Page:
The research investigates the impact of group entitativity on social attribution. Perceivers confronted with a group high in entitativity more readily call on an underlying essence to explain people's behavior. We adapted Ross, Amabile, and Steinmetz's overattribution paradigm to a group setting. Participants were randomly selected to join a group of questioners, answerers, or observers in a quiz game. Unknown to the contestants, their group was presented to the observers as an entity or as an aggregate. As predicted, group entitativity promoted the use of dispositional attributions for the behavior of group members. These findings suggest that the explanation of group members' behavior is more likely to remain situation insensitive whenever perceivers share the naïve theory that underlying features characterize the group. The discussion focuses on the impact of social attribution in the emergence of stereotypes and examines the role of subjective essentialism in social categorization and rationalization.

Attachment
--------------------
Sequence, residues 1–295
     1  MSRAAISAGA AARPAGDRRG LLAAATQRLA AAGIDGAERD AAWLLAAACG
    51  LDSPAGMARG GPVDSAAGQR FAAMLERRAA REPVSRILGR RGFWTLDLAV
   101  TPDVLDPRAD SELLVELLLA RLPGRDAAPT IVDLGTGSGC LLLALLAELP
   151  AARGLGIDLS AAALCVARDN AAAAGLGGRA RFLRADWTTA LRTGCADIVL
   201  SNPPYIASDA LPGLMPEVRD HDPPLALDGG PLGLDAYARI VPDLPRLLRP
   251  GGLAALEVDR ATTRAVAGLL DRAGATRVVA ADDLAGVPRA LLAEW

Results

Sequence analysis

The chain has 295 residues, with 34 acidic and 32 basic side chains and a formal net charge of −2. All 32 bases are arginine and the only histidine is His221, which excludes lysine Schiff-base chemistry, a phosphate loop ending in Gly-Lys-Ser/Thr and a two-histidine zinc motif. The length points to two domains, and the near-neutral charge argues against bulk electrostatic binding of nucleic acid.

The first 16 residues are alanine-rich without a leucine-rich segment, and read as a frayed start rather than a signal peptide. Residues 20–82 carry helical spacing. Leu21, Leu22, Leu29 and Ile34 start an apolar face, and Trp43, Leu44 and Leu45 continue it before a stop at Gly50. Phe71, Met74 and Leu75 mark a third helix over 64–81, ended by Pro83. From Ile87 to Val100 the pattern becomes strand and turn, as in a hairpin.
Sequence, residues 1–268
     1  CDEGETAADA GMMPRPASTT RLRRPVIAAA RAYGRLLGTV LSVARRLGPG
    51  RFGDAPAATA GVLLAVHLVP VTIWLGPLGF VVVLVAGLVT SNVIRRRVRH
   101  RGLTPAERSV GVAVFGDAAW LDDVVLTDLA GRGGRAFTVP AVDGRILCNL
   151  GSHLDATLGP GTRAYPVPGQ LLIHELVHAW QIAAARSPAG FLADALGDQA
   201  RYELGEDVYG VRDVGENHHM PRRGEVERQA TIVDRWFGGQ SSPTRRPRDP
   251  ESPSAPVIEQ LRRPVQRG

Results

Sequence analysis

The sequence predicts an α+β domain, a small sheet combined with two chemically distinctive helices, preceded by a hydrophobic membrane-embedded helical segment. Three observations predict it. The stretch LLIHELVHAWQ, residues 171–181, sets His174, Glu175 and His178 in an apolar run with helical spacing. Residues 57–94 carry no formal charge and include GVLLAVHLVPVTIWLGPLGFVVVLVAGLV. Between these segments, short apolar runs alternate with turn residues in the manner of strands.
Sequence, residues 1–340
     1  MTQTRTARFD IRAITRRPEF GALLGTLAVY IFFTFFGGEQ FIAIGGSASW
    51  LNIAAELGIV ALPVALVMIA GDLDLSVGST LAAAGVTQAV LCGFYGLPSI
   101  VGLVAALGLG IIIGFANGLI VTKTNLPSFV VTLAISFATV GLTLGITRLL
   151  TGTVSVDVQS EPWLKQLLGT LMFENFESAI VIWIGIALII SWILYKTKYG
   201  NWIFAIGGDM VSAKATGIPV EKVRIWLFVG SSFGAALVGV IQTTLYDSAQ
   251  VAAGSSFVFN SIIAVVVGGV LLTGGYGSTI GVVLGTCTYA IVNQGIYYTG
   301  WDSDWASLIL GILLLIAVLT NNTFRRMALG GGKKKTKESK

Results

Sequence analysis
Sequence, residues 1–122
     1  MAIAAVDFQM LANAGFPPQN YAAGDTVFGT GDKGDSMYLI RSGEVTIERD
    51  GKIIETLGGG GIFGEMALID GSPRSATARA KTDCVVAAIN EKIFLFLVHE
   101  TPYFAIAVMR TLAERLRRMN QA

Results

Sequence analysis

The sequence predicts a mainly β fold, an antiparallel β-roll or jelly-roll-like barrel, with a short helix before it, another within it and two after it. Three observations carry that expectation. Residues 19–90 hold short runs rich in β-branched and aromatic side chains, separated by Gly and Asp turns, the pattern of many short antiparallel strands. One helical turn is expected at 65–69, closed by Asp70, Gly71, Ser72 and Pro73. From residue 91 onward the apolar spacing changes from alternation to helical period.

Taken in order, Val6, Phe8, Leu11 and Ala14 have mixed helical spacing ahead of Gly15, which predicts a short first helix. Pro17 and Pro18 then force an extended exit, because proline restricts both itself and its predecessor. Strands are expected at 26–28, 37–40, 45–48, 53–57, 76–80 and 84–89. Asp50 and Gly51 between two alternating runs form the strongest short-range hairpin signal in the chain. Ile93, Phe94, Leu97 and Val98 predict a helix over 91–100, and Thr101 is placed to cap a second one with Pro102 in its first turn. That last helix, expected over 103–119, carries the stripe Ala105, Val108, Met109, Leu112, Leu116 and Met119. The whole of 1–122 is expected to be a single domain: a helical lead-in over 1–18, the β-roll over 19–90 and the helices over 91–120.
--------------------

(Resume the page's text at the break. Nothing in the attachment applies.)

All Science Journal Classification (ASJC) codes
- Social Psychology